A federal District Court judge in Mississippi delivered a powerful lesson last week to two men sentenced in the brutal 2011 death of a 49-year-old auto-plant worker, which occurred after the two men decided to “go [f—k] with some [n—gers],” according to Raw Story, which cites various media reports.
Three of the defendants—Deryl Dedmon, Dylan Butler and John Rice—each pleaded guilty in March 2012 to one count of conspiracy and one count of committing a hate crime, according to Vox. They were sentenced Tuesday by U.S. District Court Judge Carlton Reeves, the report says.
Reeves, who was appointed by President Obama in 2010, is the second African-American federal judge to serve in Mississippi, Vox notes, saying, “He used his remarks at the sentencing hearing to give an unflinching analysis of the tragedy and the long history of racism—especially in that state—that inspired it.”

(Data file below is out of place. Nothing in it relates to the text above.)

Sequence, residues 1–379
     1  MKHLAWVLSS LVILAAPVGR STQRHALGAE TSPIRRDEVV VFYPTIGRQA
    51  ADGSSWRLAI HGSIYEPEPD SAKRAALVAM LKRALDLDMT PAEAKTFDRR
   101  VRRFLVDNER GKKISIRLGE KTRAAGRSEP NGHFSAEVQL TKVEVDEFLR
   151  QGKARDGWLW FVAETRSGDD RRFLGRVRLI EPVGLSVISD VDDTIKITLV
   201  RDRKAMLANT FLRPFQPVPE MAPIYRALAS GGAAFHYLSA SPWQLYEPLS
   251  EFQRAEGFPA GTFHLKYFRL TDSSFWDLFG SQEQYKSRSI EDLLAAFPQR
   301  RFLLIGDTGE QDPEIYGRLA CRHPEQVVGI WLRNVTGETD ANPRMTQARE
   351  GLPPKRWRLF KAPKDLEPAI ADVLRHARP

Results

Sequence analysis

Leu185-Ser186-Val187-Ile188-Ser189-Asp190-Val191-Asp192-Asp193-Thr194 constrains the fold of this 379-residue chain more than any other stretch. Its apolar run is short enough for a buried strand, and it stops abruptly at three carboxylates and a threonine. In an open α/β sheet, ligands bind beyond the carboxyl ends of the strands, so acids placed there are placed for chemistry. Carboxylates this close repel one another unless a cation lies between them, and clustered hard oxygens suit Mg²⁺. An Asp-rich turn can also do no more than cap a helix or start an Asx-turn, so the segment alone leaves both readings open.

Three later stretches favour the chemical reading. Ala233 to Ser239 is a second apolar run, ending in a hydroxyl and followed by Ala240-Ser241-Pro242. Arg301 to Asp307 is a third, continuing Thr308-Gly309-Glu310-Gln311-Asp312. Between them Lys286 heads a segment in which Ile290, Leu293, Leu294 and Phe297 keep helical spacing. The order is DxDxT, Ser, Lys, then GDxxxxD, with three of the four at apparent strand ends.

The blog Breach of Peace published Reeves’ entire statement, which includes Reeves analysis of Mississippi’s “infatuation with lynchings,” Vox writes. Seven others defendants are awaiting sentencing, the report notes.
“The simple fact is that what turned these children into criminal defendants was their joint decision to act on racial hatred,” the judge says in part. “In the eyes of these defendants [and their coconspirators], the victims were doomed at birth … their genetic makeup made them targets.”
Read the entire statement at Breach of Peace.